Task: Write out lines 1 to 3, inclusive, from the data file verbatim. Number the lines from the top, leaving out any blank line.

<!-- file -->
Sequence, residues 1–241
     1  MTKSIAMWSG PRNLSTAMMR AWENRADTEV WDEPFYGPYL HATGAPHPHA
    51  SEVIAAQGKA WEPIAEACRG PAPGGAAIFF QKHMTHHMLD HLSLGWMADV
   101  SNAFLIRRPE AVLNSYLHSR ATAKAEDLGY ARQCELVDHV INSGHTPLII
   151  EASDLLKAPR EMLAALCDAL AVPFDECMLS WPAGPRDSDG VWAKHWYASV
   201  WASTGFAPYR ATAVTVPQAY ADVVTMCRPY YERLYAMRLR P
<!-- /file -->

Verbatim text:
Sequence, residues 1–241
     1  MTKSIAMWSG PRNLSTAMMR AWENRADTEV WDEPFYGPYL HATGAPHPHA
    51  SEVIAAQGKA WEPIAEACRG PAPGGAAIFF QKHMTHHMLD HLSLGWMADV